How to Tether Any Smartphone to Linux for Mobile Internet

Christian Cawley Updated 05-05-2020

Laptops are invariably limited to Wi-Fi only connections; desktop computers never have built-in mobile internet. But what if you need to get your Linux computer online but have no wireless or Ethernet network?


The answer is tethering. With a smartphone you can share your mobile internet with your computer.

As long as your carrier doesn’t limit how you use your data, internet connection sharing (also known as netshare) with a Linux computer is a good option. Wi-Fi tethering is one option—here’s how to use USB tethering on Linux with Android and iPhone.

What Is Tethering?

Tethering is the name given to connecting a mobile device to a computer such in order to share mobile internet.

While some carriers might restrict this activity, these days that is rare. Most smartphones have a data plan which allows tethering, making tethering an attractive way to get online.

Strictly speaking, tethering refers to using a USB cable to share mobile internet. This means that you will need to carry your phone’s USB data cable around if you plan to use tethering.


Wireless tethering is also possible, using Wi-Fi or Bluetooth; this is also known as “wireless hotspot”. In most cases wireless tethering is easier but there are good reasons to use USB tethering:

  • For a reliable network connection
  • To keep your phone charged
  • Avoid wireless interference
  • Prevent wireless sniffers intercepting data

If you don’t have a suitable USB cable, here’s how to use your phone as a wireless hotspot How to Set Up a Wireless Home Network With a Mobile Phone Need Wi-Fi but don't have internet in your home? Here's how to set up wireless internet without a computer using your smartphone! Read More . Simply connect your Linux computer to your phone’s hotspot to get online.

Use the Right USB Cable for Tethering

Before proceeding, you need to be sure that you’re using a USB cable that is suitable for tethering. Not all cables will work for this, as some are designed purely for power. The best way to check that your USB cable is suitable for tethering is to plug it into your computer. Connect your phone and wait for either device to detect the other. If some sort of data transfer or file browsing is available, it is suitable for tethering.

If there is a problem with the cable, you should be able to buy a suitable data-ready alternative online.


The following methods all require you to connect the mobile device to your PC via USB cable before activating tethering.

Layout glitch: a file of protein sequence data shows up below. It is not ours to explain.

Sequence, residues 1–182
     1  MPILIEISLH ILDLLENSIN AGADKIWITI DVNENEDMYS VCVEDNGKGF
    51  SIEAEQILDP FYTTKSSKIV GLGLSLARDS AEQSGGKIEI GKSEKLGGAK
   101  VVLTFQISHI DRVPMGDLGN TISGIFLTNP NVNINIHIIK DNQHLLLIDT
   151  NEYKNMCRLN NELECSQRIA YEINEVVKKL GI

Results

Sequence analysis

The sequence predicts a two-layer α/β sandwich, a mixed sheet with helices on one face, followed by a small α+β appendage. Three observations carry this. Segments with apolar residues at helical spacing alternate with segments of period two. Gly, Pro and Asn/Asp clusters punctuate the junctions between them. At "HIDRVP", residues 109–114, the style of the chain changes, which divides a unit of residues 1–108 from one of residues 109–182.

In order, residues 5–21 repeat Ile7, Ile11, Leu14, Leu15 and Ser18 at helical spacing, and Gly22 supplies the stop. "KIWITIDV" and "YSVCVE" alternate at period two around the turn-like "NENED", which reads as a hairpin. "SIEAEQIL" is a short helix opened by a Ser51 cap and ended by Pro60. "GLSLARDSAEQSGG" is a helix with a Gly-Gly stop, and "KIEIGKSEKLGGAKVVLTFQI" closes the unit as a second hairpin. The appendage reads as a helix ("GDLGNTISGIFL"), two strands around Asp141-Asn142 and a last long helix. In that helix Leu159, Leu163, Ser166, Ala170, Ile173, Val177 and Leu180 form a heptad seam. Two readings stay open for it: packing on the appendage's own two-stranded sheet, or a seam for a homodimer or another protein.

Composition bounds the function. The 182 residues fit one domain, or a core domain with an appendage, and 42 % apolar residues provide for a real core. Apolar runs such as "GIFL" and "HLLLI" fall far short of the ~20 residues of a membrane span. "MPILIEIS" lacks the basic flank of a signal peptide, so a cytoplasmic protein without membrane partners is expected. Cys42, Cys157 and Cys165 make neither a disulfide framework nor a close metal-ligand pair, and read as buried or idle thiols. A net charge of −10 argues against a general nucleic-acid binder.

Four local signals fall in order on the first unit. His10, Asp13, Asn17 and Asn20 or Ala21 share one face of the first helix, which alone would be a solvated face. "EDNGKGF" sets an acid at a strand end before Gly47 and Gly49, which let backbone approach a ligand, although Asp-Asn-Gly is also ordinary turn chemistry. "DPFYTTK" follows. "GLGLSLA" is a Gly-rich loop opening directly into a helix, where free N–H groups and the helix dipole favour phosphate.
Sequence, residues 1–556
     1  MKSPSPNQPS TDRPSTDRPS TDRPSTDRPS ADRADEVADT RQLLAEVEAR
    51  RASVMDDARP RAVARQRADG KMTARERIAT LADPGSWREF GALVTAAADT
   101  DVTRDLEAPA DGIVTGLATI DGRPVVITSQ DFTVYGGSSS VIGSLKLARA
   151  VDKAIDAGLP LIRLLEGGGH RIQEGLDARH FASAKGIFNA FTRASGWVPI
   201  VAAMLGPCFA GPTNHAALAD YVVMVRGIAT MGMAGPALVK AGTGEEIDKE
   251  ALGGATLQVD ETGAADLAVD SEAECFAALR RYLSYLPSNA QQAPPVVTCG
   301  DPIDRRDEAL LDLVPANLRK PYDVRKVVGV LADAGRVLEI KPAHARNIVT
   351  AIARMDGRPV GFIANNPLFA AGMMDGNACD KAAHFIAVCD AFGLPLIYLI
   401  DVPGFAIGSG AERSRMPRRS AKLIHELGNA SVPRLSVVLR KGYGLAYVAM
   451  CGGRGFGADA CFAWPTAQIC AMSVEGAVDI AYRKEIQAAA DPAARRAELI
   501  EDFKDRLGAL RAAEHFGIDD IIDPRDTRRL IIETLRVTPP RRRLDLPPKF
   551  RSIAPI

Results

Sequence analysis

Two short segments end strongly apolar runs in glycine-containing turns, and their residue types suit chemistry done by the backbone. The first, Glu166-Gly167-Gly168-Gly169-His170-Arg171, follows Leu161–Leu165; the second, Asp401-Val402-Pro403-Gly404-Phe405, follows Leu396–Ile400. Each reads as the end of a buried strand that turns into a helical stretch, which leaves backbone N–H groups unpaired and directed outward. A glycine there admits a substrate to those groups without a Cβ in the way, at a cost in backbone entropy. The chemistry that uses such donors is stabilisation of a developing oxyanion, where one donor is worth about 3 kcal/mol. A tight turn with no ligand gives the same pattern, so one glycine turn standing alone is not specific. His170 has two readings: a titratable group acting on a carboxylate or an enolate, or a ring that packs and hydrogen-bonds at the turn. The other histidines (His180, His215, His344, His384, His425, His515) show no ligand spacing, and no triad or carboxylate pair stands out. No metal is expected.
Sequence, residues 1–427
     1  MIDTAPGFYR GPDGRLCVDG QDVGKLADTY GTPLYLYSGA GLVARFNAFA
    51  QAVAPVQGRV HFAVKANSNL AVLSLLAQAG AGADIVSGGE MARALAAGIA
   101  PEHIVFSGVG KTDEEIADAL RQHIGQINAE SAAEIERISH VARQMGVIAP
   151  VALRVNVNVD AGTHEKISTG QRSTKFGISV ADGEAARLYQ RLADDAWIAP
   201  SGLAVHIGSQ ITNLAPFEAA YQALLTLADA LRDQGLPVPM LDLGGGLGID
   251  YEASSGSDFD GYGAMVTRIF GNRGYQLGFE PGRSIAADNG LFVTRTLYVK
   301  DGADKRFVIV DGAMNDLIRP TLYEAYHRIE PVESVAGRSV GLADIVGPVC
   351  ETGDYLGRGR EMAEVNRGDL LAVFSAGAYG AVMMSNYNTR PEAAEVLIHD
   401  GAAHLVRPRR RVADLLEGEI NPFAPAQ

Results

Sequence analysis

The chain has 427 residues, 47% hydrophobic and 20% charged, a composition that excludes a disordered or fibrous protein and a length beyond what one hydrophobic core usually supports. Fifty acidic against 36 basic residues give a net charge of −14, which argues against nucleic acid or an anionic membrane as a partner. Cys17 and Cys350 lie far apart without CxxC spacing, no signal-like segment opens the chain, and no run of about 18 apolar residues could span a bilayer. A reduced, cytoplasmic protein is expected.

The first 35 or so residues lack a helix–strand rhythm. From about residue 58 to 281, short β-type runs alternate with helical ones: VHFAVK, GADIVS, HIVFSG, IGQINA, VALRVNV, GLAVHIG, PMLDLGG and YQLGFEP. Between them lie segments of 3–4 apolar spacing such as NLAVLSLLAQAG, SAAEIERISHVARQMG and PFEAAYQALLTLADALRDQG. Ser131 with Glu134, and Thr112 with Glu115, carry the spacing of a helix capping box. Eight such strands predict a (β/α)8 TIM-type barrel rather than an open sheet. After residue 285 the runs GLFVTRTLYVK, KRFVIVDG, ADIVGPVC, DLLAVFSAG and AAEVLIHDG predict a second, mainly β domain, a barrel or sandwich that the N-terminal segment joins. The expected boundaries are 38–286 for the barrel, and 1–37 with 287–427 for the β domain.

How to Tether Android Phones to Linux

If you have an Android device, tethering is straightforward, thanks in part to both phone and PC being Linux-based.

If you want to tether Android to Linux via a USB cable:

  1. Connect the USB cable to your phone and Linux PC.
  2. Android will detect the connection—when prompted to Allow access, select Allow.
  3. In the Notifications find the USB message, and tap it.
  4. Under Use USB for, select USB tethering.


In most cases, the connection will be automatically established. Check the IP address for your device to confirm it has worked using ifconfig or ip address. Look for an option labeled usb0.

Set up internet connection tethering with Android and Linux

With some distros, you may need to select the USB connection.

  1. On Linux system, find the network tray applet
  2. Click to find the network option with a name like “auto usb0”.
  3. Select this to connect Linux to your phone via the USB cable.

Don’t have a data plan which allows tethering? Installing a custom Android ROM can help circumvent restrictions.


Want to Tether a BlackBerry Phone?

Depending on how old your BlackBerry is, there are several options for tethering it to a Linux system. If you have a BlackBerry, it is either running:

  • Android (since 2015)
  • BlackBerry 10 (2013-2018)
  • Blackberry OS 7.0 (2011-2013)

For BlackBerry devices running Android, refer to the section above. For BlackBerry 10 and BlackBerry OS 7.0, check below.

To tether phones over USB running BlackBerry 10, start by connecting the phone to your computer. Then:

  1. Open Settings > Network Connections > Internet Tethering.
  2. Tap Connect.
  3. Select USB.
  4. Enable Internet Tethering.